There can be no argument that those guilty of immorality must be disciplined and put away from the assembly, lCor.5. Where there is a cessation of such behaviour and true repentance, there should be restoration in due course. However, if there should be a divorce and either party “remarry” while the original partner is still alive, then according to the several Scriptures previously expounded, they will be living in adultery. Such cannot be allowed in assembly fellowship while they continue in that state, since we cannot receive sin into the assembly.

This brings us to the vexed question as to the position of those who have been saved subsequent to their divorce and “remarriage”. If the former reasoning, based solely on Scripture, has been followed then we will have to agree that “remarriage” does not invalidate the original marriage. Therefore such are, in effect, living in adultery. Their sin is remitted by God at the moment of their salvation. Some will argue that because of this they should be received in to the fellowship. However, reception depends, among other things, upon a willingness to “continue stedfastly in the apostles’ doctrine” Acts 2.42, and we have already seen what this doctrine was in connection with holiness of life and testimony. The whole point is not their standing in the sight of God as the result of their salvation, but their present position on earth, which is that of living in adultery. The local assembly, the temple of God, (lCor.3.17), is to be holy. If this standard is to be maintained, those living in an adulterous relationship cannot possibly be received. We must remember that if such were to be received, we would be saying that God has two standards, one for the saved and a different one for the unsaved. The suggestion is that for unsaved folk to live in adultery would be sinful, but if saved, their relationship becomes holy. Salvation does not make sinful deeds holy.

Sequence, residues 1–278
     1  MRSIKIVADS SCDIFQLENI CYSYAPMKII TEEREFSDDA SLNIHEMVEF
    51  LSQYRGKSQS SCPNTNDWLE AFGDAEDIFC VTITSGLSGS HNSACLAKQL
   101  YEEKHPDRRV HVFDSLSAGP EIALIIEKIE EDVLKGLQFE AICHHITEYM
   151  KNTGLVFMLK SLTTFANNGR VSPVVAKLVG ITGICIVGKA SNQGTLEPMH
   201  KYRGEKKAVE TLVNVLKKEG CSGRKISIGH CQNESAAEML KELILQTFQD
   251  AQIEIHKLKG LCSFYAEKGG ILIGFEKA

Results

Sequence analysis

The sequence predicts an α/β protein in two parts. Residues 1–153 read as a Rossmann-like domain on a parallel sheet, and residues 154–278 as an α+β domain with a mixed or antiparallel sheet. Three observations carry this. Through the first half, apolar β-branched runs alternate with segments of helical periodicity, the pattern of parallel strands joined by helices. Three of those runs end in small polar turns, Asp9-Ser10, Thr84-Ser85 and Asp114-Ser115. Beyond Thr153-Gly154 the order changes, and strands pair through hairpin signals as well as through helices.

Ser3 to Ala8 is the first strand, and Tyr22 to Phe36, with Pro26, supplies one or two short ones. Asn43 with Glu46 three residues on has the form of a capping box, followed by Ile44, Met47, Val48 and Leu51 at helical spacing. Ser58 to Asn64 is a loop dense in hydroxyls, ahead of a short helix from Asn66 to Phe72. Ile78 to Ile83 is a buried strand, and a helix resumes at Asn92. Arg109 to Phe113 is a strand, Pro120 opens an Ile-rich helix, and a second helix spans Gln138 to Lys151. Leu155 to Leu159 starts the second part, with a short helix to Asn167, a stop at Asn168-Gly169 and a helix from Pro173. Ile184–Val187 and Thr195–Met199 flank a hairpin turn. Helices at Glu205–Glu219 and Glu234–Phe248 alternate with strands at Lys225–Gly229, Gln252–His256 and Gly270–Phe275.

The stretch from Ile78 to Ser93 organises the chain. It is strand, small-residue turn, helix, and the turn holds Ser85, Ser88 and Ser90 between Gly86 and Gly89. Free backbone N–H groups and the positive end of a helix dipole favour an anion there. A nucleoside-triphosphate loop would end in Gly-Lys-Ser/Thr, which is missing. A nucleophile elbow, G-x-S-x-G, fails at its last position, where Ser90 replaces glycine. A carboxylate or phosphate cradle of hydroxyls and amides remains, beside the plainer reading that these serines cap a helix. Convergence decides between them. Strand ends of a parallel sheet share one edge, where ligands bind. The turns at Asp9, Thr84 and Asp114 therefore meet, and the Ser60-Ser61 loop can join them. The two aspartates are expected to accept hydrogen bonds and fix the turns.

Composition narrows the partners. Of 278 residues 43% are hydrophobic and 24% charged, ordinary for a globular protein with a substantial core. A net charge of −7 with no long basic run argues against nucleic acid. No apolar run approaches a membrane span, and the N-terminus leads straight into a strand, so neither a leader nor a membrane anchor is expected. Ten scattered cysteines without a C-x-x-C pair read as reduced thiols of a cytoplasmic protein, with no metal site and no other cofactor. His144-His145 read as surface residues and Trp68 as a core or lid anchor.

If we believe that those saved after such a “remarriage” should be received into the fellowship, then we must face up to the following situation. A brother in fellowship marries an unsaved divorcee and as a consequence has to be put away from the assembly. Subsequently she is saved. By the reasoning of some, she could be received into fellowship, but not her “husband”!


Some will quote lCor.6.11: “such were some of you: but ye are washed, but ye are sanctified, but ye are justified in the name of the Lord Jesus, and by the Spirit of our God,” and by this quotation seem to suggest that the Corinthians continued in their pre-conversion relationships. However it is evident that those addressed, while living in sin in the past, had changed their way of life as a result of their salvation. Their present position, not only in the sight of God but also in the world, was completely different. This is not so with those who continue to live in an unholy and unscriptural relationship. Take the position of a man and a woman living together but unmarried prior to conversion. Are they to be received because God has forgiven them, even if they continue to live in such a way? Again, if a person was a partner in a business canying on illegal or fraudulent activities and he was saved, if he continued in the same way of life should he be received? Of course not. Similarly with those who continue to live in sin. This is the crux of the matter, their present way of life. We must remember there are some steps taken before salvation, the consequences of which we cannot eradicate subsequent to salvation.